Friday, September 2, 2011


Today, learnalittle has brains on the brain.

The brain is the central component of the nervous system, governing every thought and function in our body. This magnificent organ is enclosed in the cranium, protected by cerebrospinal fluid and a membrane system called the meninges. The brain itself is composed of two hemispheres that control opposite sides of the body (the left hemisphere governs the right side), joined in the middle by the corpus callosum – a thick bundle of fibers that allows the hemispheres to communicate.

There are three basic segments of the brain. The forebrain (the cauliflower-looking, “main” part of the brain) further divides in to the telencephalon and diencephalon; the telencephalon – or cerebrum – is composed of four lobes. The occipital lobe – found at the base of the forebrain – deals in visual processing and dream formation. Above the occipital lobe, the parietal lobe integrates sensory information from many sources, and handles knowledge of numbers and their relations, and object manipulation.

Below the parietal lobe, the temporal lobe controls auditory processing, as well as language semantics; Wernicke’s area – which spans the temporal and parietal lobes – is vital in understanding both writing and speech. The temporal lobe also houses the hippocampus (Latin for “seahorse,” due to it’s shape), a key structure in the formation and consolidation of memory. Henry Gustav Molaison – better known as HM – became neuroscience’s most famous case studies after 2/3 of his hippocampus was removed, causing life long anterograde amnesia (and inability to form new memories). HM also lost both amygdalae, which govern the processing and memory of emotional reactions. The hippocampus and amygdala are the main components of the limbic system, a group of structures for learning and memory.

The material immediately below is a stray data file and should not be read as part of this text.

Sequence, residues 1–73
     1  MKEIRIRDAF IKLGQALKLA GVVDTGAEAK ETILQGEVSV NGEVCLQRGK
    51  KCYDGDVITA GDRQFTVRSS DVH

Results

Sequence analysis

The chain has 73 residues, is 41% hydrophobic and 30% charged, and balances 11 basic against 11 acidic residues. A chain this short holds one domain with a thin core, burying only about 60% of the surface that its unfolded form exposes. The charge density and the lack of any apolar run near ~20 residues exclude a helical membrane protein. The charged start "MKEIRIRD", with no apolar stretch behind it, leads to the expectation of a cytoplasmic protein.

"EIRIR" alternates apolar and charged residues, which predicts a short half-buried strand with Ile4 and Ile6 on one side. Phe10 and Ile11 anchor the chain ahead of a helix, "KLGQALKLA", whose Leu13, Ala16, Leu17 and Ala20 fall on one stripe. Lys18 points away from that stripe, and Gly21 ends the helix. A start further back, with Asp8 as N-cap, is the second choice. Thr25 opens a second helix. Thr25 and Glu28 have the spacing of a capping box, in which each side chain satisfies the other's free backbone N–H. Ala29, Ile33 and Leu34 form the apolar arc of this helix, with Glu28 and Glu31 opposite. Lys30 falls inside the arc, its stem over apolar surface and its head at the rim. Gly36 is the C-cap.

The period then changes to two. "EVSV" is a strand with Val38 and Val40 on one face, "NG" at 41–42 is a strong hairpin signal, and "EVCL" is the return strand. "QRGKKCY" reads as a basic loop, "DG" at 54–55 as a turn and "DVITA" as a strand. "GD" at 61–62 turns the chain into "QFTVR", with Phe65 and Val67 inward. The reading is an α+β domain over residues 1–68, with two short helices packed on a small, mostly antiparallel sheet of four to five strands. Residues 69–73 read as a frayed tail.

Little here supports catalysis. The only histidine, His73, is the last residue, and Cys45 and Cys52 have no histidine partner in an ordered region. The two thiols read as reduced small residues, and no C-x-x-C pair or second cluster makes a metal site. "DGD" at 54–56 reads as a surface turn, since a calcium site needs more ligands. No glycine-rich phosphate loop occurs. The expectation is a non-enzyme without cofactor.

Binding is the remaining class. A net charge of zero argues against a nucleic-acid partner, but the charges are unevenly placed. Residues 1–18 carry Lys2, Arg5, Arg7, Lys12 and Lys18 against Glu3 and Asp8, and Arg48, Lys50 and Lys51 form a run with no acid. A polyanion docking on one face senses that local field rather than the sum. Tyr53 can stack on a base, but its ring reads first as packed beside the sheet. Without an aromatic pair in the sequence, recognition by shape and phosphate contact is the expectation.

Finally, the frontal lobe is the foremost area of the brain, implicated in retaining the longer term memories derived from the limbic system, and essential for executive functioning like planning, considering consequences, and suppress social unacceptable behavior. In humans, the frontal lobe is much bigger than the majority of mammals, and continues developing into the early 20’s – which is why teenagers are more prone to ill-advised decisions.

The second component of the forebrain is the diencephalon (or interbrain), a cluster of structures encased within telencephalon. Notable diencephalon components include the thalamus – which relays information to the above-mentioned lobes and regulates sleep and wakefulness – and the hypothalamus – which helps control body temperature, hunger, and circadian cycles.

Together, the midbrain and hindbrain make up the brainstem, which regulates many bodily reflexes, homeostatic functions, and involuntarily processes. For example, the hindbrain’s pons helps monitor swallowing, bladder control, and posture, while the medulla oblongata is involved in respiration, heartbeat, and blood pressure. The hindbrain also includes the cerebellum (the small, crumpled looking mass below the cerebrum), which primarily deals in motor control, but may have some role in fear and pleasure response.

Considering how much the brain does for you it, show your thanks by using it well and often.

Source: 1, 2, 3, 4, 5